THE EURO ZONE
I'm writing this column on Thursday, as Catalans vote for their next government in an election called for by Mariano Rajoy last month. In normal circumstances, it would be a tricky piece to write, because I know that these words will be published tomorrow, when the result is known; yet I must write them today, while the outcome is still in the future.
We're not living in normal circumstances, though - we're living in Spain at the close of 2017. I can therefore say with certainty that whether the majority of Catalans voted for anti or pro-independence parties yesterday, or whether the election eventually results in a hung parliament, there is no end in sight to the Catalonia debacle.
At the time of writing, polls indicate that the vote is evenly split between pro and anti-independence parties and that both sides will struggle to gain a parliamentary majority if victorious. In other words, the Catalonia saga is about to reach new heights of complexity and, potentially, animosity.
As a result, the Bank of Spain is erring on the side of caution in its analysis of the Spanish economy's medium-term future. According to its latest predictions, which were released a few days before yesterday's election, Spain's GDP growth next year will be 2.4%, down from an original forecast of 2.5%; the bank also lowered its projection or 2019, from 2.2% to 2.1%. These slight downward adjustments were made because of uncertainty surrounding the Catalonia situation.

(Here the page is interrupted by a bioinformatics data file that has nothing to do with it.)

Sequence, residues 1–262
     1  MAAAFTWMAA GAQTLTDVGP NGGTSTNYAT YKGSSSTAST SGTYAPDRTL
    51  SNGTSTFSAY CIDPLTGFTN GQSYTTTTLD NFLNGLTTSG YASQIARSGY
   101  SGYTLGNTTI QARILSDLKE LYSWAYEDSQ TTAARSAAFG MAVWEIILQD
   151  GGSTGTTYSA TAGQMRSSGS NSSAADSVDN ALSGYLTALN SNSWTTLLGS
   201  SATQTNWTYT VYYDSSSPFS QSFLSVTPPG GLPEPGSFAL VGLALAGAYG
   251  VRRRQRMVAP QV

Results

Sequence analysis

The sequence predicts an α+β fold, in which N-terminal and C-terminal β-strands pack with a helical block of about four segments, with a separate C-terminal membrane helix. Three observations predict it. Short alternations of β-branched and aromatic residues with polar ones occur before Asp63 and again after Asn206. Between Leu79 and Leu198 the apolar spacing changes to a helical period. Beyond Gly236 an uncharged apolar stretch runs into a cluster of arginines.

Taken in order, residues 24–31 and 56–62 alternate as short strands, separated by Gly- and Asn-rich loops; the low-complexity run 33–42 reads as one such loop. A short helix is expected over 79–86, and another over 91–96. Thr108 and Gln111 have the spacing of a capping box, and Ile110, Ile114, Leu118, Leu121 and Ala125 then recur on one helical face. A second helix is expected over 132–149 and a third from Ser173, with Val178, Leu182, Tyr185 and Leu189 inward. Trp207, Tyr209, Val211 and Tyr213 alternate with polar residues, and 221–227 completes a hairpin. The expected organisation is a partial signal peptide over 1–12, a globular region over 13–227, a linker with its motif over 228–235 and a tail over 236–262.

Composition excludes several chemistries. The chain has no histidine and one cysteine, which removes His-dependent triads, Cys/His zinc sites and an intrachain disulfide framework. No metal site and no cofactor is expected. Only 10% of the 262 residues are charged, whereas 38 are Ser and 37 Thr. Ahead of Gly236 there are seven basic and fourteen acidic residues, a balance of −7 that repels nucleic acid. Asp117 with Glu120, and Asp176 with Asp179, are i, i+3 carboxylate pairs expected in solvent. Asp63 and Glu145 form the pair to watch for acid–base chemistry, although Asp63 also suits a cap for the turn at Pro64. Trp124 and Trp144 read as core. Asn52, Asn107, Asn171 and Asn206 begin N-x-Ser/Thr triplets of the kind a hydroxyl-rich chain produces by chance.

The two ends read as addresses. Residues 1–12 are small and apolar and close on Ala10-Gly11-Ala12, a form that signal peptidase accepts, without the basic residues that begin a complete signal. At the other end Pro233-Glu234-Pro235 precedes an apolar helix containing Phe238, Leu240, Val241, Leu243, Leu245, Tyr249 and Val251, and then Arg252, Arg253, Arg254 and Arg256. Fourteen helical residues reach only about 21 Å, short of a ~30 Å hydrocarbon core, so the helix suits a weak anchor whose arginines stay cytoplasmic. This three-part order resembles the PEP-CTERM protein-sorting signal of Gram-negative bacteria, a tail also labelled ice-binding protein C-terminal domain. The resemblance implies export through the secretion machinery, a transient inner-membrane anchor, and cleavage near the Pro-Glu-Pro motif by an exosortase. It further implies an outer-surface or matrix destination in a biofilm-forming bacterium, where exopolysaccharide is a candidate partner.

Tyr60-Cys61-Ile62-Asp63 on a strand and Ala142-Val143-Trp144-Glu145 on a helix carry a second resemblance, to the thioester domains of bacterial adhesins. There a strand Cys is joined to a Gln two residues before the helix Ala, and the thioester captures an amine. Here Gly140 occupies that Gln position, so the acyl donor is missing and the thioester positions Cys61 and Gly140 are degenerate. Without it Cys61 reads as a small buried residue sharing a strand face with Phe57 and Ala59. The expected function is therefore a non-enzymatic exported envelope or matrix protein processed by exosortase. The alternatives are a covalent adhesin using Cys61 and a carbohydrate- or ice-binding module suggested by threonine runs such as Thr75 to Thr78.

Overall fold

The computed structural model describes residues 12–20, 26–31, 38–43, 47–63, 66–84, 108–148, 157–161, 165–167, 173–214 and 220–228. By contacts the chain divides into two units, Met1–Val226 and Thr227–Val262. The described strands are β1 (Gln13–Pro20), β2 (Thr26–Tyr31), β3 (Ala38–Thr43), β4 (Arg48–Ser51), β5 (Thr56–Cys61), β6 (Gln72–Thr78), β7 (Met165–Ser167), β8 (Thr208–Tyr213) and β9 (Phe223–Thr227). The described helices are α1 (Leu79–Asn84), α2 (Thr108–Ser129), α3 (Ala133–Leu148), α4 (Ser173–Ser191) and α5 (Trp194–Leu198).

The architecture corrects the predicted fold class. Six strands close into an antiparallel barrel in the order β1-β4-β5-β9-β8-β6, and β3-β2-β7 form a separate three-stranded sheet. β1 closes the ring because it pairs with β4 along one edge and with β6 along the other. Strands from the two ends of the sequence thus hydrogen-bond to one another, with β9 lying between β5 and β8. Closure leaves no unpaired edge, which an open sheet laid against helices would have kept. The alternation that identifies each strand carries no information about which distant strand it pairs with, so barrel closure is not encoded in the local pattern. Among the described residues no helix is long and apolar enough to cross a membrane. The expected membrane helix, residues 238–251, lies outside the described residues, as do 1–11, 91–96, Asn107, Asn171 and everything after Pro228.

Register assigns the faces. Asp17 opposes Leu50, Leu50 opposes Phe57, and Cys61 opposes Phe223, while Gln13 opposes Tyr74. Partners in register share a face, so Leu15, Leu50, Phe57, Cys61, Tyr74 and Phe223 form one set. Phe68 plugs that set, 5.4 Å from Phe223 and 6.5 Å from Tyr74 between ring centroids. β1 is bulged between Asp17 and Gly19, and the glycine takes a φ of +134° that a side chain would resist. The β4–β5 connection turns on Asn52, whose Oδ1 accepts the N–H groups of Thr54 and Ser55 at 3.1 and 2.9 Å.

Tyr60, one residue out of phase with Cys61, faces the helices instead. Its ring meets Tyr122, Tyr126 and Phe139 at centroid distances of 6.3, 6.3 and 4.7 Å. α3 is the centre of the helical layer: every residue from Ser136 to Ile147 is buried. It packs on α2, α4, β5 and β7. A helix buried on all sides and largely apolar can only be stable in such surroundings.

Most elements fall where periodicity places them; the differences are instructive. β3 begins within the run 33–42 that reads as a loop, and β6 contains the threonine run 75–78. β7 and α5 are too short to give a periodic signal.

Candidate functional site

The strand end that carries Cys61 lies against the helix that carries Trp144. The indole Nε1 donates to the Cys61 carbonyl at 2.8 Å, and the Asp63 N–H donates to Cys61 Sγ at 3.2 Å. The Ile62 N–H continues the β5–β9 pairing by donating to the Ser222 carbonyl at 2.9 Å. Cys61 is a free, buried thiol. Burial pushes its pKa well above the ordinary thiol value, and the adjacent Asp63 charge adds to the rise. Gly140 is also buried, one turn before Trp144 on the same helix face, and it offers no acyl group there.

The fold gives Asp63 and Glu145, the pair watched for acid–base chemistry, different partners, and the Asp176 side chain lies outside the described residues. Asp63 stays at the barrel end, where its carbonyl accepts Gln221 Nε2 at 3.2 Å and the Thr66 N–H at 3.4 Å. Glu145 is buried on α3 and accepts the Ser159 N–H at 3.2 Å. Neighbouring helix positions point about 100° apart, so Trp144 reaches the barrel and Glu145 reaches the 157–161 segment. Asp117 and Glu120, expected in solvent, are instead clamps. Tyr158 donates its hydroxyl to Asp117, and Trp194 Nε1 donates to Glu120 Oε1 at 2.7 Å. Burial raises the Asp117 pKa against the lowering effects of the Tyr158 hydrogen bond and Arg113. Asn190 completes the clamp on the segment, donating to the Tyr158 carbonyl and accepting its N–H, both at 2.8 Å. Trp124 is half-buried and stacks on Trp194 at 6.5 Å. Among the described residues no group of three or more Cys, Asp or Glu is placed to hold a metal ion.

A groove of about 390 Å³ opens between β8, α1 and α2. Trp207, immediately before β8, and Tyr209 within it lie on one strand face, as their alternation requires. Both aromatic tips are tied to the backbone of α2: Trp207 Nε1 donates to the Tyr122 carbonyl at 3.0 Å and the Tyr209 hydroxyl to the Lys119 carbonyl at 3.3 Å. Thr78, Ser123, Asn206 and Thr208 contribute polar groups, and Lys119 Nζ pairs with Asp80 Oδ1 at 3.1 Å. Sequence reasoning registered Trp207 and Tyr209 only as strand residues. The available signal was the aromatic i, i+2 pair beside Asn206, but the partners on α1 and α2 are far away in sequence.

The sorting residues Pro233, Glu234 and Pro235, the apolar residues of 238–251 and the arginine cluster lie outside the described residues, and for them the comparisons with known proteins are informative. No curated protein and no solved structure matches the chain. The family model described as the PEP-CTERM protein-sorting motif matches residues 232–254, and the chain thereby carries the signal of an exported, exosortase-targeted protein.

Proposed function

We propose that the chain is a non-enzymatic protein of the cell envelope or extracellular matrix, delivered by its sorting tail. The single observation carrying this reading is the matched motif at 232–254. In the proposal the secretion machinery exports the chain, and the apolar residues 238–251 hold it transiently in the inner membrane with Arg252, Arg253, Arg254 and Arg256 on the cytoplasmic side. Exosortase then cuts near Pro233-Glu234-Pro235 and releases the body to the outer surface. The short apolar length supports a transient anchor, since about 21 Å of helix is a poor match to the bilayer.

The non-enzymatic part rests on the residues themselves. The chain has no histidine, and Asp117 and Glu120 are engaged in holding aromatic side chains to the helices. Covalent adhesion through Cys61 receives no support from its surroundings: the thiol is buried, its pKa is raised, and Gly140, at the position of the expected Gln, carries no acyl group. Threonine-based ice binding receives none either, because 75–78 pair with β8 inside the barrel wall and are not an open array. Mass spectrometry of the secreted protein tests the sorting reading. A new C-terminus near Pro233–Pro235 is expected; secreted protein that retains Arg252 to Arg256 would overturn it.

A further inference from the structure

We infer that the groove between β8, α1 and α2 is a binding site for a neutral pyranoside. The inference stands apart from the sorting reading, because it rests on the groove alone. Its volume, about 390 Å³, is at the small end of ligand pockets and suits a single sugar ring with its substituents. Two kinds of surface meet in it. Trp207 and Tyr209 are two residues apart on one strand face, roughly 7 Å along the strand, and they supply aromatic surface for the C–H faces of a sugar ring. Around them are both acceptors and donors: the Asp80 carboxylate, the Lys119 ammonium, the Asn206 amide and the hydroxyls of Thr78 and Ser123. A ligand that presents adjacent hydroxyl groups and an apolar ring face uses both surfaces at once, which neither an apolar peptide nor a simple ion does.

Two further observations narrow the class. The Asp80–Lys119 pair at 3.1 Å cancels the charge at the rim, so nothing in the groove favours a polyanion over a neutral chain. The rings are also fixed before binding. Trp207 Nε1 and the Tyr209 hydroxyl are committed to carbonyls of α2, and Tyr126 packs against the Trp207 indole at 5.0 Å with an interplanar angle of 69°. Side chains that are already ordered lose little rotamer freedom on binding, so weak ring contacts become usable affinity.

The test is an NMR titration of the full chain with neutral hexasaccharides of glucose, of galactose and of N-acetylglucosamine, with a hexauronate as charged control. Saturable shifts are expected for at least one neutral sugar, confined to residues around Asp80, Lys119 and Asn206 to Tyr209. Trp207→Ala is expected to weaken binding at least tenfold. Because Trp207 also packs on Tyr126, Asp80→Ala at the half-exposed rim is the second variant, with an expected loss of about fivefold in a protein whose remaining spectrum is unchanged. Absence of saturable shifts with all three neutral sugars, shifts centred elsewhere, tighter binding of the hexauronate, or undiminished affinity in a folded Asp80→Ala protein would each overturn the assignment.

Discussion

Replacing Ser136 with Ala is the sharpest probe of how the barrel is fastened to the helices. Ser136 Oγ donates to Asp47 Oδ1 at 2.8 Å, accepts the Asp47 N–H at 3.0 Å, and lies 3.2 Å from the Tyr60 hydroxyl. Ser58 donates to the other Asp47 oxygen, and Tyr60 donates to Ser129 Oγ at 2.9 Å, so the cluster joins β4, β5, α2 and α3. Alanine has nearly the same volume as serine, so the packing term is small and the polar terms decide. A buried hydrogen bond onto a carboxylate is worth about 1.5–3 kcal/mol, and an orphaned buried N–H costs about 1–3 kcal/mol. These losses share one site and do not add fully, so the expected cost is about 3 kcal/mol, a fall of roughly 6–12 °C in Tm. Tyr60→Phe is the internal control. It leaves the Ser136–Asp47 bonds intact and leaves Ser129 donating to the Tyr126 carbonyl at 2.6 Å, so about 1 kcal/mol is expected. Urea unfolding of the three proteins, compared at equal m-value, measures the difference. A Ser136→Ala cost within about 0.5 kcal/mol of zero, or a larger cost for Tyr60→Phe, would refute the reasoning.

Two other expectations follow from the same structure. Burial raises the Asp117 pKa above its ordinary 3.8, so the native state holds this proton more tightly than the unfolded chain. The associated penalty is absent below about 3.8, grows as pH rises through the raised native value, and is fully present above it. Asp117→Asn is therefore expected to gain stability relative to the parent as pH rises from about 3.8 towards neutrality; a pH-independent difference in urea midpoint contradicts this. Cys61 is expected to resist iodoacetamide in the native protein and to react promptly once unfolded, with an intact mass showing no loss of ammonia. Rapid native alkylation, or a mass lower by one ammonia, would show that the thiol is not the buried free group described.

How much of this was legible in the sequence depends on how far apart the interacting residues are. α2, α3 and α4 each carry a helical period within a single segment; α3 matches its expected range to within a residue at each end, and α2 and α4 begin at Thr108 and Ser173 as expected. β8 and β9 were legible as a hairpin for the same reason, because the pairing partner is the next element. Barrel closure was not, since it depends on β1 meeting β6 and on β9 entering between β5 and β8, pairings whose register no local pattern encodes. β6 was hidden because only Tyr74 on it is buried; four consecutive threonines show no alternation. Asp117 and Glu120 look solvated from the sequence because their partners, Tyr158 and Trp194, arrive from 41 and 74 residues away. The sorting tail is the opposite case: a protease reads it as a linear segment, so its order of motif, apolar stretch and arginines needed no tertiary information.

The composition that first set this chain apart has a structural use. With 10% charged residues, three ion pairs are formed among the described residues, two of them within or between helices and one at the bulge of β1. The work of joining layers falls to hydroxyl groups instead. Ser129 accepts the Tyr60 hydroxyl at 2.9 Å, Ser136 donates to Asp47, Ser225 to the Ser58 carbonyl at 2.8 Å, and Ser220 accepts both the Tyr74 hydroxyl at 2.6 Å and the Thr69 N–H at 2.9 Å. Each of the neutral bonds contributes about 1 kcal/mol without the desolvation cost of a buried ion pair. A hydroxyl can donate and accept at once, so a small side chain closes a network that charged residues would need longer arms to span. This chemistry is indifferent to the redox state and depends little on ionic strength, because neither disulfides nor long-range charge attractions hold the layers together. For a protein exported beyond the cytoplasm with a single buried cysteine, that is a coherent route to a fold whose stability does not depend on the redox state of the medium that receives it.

Even if secessionist parties form a government after yesterday's vote, they will still disagree on how to proceed in talks with Madrid. Esquerra, the largest pro-independence party, favours dropping the campaign for outright independence and negotiating with Rajoy instead. The anarchist-communist party CUP, meanwhile, continues to support a full split from Spain.
Pro-independence feeling in Catalonia has undoubtedly been increased by Rajoy's ham-fisted attempts to quash the secessionist project since October 1st: it will not simply disappear if anti-independence parties form an administration following yesterday's election. But that's assuming they even get that far, which is by no means a given.
Centrist newcomer Ciudadanos looks set to become the strongest anti-secession force in Catalonia, yet it requires the backing of other parties to lead the region's next government. It can forget the support of the leftist Catalunya en Comú Podem, a party that's ambivalent about independence but steadfastly anti-Ciudadanos. This may make kingmakers of the region's Socialists, who are anti-independence but have their differences with Ciudadanos.
So whichever way yesterday's vote plays out, it looks like we're in for a miniature version of the Spanish general election in December 2015, which left Spain without a government for ten months. Indeed, the farce that was Spanish politics last year showed us that, in present day Spain, elections create more problems than they solve.